Toe socks may take some time to get used to, but they offer a huge advantage for blister protection. Since each toe is isolated from each other, friction is nearly eliminated. They can be a little annoying to put on because of this, and fit might be an issue for some people with abnormally shaped toes. People either tend to love or hate toe socks, but they are definitely worth giving them a try if you haven’t used them before.
You want to listen to music while you train parkour. Maybe just for enjoyment or to help boost athletic performance, but you have a problem. Your earphones just keep falling out, or you keep breaking pair after pair. Both are common occurrences if you just grab any old pair. After all, average earphones aren’t made to stay put when running, jumping, and rolling. Nor are they made to tolerate being exposed to sweat and rain.
In fact, it’s going to be difficult for any earphones to stand up to the rigors of parkour, but there are some that will put up a better fight than most. And I’ve finally found what I would consider the best parkour headphones.
Yurbuds Ironman Inspire Pro Earphones
20Hz-20kHz frequency response
3 Button remote + mic
Click here for more specs
Yurbuds might be a brand that you have never heard of before. They are a relatively new company that specializes in producing earphones for athletic and outdoor activities. Interestingly, they’ve used parkour athletes in several past promotional pieces. Anyways, are the Inspire Pros actually any good for parkour?
The Yurbuds have a unique ear tip design. They use what Yurbuds calls “Twist-Lock” technology. After you insert the earphones, you are supposed to twist them so that the rubber edges lock in. The marketing of this is kind of gimmicky, but it actually does work. The fit is secure and stable, much more so then regular earphones. The silicone tips they use are very grippy and won’t come out easily. And unlike many other sport headphones, they achieve this without any annoying ear hooks or clips.
As a side note, make sure the cord is tucked away good, you don’t want these things to be ripped out.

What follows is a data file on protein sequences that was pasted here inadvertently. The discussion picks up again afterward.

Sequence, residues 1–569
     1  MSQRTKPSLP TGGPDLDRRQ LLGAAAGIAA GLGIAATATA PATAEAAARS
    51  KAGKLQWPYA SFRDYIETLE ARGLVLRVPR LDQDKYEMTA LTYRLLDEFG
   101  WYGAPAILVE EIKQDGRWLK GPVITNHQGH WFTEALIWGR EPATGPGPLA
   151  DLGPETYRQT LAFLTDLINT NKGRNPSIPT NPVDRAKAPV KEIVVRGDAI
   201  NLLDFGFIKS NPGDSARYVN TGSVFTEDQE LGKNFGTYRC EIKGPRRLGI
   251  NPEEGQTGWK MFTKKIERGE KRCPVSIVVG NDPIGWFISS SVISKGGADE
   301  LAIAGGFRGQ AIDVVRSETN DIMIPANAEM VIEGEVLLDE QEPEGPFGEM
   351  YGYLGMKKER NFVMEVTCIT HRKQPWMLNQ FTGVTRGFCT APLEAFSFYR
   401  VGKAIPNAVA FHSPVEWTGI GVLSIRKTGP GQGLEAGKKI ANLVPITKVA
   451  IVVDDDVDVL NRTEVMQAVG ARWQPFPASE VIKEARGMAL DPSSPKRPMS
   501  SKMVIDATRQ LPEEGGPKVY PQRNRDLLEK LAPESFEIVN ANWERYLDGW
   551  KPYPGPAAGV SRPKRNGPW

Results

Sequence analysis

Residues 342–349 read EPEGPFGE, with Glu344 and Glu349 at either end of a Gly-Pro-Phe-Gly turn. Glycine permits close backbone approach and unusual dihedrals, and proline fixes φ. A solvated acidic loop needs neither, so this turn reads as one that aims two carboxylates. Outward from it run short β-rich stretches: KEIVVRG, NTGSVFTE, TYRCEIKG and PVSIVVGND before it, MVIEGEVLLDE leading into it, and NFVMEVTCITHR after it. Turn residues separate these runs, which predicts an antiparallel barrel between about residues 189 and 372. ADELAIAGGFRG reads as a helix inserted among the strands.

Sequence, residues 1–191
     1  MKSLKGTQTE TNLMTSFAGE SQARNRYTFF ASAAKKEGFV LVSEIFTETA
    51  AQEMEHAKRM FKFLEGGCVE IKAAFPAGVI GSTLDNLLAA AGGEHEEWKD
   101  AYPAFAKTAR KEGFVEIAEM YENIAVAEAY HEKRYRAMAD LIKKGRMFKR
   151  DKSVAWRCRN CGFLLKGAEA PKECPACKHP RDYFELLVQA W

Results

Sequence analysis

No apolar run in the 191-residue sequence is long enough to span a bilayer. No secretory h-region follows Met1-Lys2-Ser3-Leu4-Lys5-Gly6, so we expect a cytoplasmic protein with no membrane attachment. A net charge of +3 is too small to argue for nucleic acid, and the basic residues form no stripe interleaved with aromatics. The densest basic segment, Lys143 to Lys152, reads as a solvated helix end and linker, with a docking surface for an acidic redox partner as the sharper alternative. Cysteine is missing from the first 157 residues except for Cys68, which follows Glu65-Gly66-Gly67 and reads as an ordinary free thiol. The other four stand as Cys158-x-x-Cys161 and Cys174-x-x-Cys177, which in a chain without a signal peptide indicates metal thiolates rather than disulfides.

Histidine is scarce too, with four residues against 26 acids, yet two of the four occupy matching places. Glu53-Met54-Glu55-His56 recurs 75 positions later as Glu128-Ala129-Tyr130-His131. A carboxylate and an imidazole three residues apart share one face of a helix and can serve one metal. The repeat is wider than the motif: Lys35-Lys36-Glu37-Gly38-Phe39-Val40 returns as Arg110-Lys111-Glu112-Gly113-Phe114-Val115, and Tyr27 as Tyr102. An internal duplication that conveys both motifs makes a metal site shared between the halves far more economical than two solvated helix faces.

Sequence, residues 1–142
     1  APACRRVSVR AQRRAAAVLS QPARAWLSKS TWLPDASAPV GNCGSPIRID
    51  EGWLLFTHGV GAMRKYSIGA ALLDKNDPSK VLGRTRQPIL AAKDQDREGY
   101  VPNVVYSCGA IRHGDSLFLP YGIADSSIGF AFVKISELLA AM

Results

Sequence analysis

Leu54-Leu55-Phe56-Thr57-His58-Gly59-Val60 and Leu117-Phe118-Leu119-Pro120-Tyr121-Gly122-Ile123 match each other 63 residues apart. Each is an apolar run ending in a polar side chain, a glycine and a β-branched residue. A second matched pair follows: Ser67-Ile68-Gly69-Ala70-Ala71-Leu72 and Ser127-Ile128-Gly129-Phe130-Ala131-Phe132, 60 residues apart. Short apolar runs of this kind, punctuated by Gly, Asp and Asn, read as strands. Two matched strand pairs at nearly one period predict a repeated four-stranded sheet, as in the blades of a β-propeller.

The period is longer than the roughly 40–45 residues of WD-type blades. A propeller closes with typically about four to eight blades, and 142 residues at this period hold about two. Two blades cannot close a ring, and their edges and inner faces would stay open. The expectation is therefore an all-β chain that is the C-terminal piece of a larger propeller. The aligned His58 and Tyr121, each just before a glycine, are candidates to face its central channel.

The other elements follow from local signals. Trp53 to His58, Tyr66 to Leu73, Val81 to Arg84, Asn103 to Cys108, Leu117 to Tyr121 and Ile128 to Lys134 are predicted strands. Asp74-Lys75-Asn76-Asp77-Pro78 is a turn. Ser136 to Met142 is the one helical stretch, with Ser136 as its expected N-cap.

Given the strange shape of the tips and promise of a super secure fit, I did not expect the Yurbuds to be very comfortable. However, I was pleasantly surprised, as they are quite comfortable to wear. A few hours of training with them should be no problem. They come with somewhat oversized tips which helps avoid pressure points.
If you are expecting audiophile sound quality, you are going to be disappointed. The sound quality of the Yurbuds is acceptable, but they certainly aren’t going to win any awards. Given what they are designed for, I am willing to overlook some deficiency in sound quality. Personally, they are more than passable for wearing while training to me, but they aren’t something I would wear at home all the time to listen to music.
The Yurbuds don’t isolate noise all that well; they allow enough ambient sound in so that you can be aware of your surroundings. They were designed this way intentionally and this is a selling point to me, but if you are looking to block out all noise (I think a bad idea), these are not for you.
I don’t foresee any real problems with durability. Overall, build quality is decent, although a few details could be better. For instance, there are no strain reliefs for the cord. On the plus side, the Yurbuds are sweat and water resistant and the cable is Kevlar reinforced. The Yurbuds are also inexpensive enough that you won’t be devastated if they do get destroyed, but I would expect them to last a good while barring any unfortunate accidents.
The Yurbuds make good on their promise not to fall out. If you are looking for a pair of earphones that don’t budge, are comfortable to wear, have reasonable durability, and okay audio quality, the Yurbuds should certainly be considered.